Today is the birthday (1778) of George Bryan “Beau” Brummell an iconic figure in Regency England, the arbiter of men’s fashion, and a friend of the Prince Regent, the future King George IV. He established a mode of dress for men that rejected overly ornate fashions for one of understated, but perfectly fitted and tailored garments. This look was based on dark coats, full-length trousers rather than knee breeches and stockings, and, above all, immaculate shirt linen and an elaborately knotted cravat. Brummell is credited with introducing, and establishing as fashion, the forerunner of the modern men’s suit, worn with a tie. He claimed he took five hours a day to dress, and recommended that boots be polished with champagne. His general lifestyle became known as “dandyism.”
Brummell was born in London, the younger son of William Brummell, a politician, of Donnington Grove in Berkshire. The family was middle class, but the elder Brummell was ambitious for his son to become a gentleman, and young George was raised with that understanding. Brummell was educated at Eton and made his precocious mark on fashion there when he not only modernized the white stock, or cravat, that was the mark of the Eton boy, but added a gold buckle to it. He went from Eton to Oxford University, where, by his own example, he made cotton stockings and dingy cravats a thing of the past. While an undergraduate at Oriel College in 1793, he competed for the Chancellor’s Prize for Latin Verse, coming second to Edward Copleston, who was later to become provost of his college. He left the university after only a year at the age of sixteen.
In June 1794 Brummell joined the illustrious Tenth Royal Hussars as a cornet, or lowest rank of commissioned officer, and soon after had his nose broken by a kick from a horse. His father died in 1795, by which time George had been promoted to lieutenant. His father had left an inheritance of £65,000, of which Brummell was entitled to a third. Although under normal circumstances this would be a substantial sum, it was inadequate for the expenses of an aspiring officer in the personal regiment of the Prince of Wales. The officers, many of whom would be inheriting noble titles and lands “wore their estates upon their backs – some of them before they had inherited the paternal acres.” Officers in any cavalry regiment were required to provide their own mounts and uniforms and be responsible for mess bills, but the 10th in particular had elaborate and almost unending variations of uniform. In addition, their mess expenses were enormous as the regiment did not stint itself on either banquets or entertainment.
Although a junior officer, Brummell took the regiment by storm, fascinating the prince by the force of his personality. He was allowed to miss parade, shirk his duties, and in essence, do exactly as he pleased. Within three years, by 1796, he was made a captain, to the combined envy and disgust of the older officers, who felt that: “our general’s friend was now the general.” When his regiment was sent from London to Manchester he immediately resigned his commission, citing the city’s poor reputation, lack of atmosphere, and an absence of culture and civility.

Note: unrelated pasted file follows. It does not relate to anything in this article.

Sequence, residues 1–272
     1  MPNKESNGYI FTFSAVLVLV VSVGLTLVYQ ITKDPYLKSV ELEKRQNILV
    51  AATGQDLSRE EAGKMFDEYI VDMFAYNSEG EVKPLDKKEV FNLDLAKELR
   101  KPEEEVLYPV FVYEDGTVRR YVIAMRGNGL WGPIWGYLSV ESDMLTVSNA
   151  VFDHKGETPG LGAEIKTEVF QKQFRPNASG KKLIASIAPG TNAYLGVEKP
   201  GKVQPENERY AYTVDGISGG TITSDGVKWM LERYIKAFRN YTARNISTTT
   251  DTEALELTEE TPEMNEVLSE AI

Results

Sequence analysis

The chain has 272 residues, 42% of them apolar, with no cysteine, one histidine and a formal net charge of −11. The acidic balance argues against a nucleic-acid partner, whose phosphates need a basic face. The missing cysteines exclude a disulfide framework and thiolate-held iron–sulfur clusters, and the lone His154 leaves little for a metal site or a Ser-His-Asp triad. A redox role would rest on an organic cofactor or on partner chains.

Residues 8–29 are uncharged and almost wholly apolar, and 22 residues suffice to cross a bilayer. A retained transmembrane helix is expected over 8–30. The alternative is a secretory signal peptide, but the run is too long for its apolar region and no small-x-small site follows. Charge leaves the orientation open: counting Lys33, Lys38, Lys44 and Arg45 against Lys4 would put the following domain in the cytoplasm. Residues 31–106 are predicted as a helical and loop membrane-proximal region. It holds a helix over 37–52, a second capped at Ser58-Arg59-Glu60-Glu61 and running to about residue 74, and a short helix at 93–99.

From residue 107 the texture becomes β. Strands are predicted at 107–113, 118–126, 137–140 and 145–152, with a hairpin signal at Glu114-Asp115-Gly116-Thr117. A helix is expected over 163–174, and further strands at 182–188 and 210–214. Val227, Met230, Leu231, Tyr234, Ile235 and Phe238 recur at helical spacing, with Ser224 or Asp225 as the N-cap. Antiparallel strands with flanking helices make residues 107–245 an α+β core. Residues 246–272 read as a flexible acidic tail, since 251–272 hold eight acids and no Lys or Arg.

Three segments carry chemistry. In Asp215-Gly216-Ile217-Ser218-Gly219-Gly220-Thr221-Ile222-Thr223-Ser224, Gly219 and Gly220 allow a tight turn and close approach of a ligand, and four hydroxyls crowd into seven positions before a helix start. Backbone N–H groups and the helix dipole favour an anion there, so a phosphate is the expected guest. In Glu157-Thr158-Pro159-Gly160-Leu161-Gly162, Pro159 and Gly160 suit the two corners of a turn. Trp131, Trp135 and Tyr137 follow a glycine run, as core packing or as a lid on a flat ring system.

Although he was now a civilian, Brummell’s friendship with, and influence over, the Prince continued. His simple yet elegant and understated manner of dress, coupled with his natural wit, gained him entry to the Regent’s royal society. The life and the daily routine of most aristocratic men of the time included making one’s toilette and shopping in the morning; riding in Hyde Park or making the round of gentlemen’s clubs in the afternoon; followed by the theater, gambling at Almack’s or a private party, or visiting the brothels in the evening. He took a house on Chesterfield Street in Mayfair and for a time managed to avoid the nightly gaming and other extravagances needed to move in such elevated circles. Where he refused to economize was on his dress: When asked how much it would cost to keep a single man in clothes, he was said to have replied: “Why, with tolerable economy, I think it might be done with £800.” That amount is approximately £103,000 ($173,000) in today’s currency; the average wage for a craftsman at that time was £1 a week.
Brummell put into practice the principles of harmony of shape and contrast of colors with such a pleasing result that men of superior rank sought his professional opinion on their dress. The Duke of Bedford once did this concerning a coat. Brummell examined his Grace with his accustomed cool impertinence, turned him about, scanned him with scrutinizing, contemptuous eye, and then taking the lapel between his dainty finger and thumb, he exclaimed in a tone of pitying wonder, “Bedford do you call this thing a coat?”
His personal habits, such as a fastidious attention to cleaning his teeth, shaving, and daily bathing exerted an influence on the upper echelons of polite society, who began to do likewise. Previously people bathed only a few times per year, and used heavy colognes and perfumes to hide body odors. He also insisted upon freshly laundered shirts and linens. Enthralled, the Prince would spend hours in Brummell’s dressing room, witnessing the progress of his friend’s lengthy morning toilette.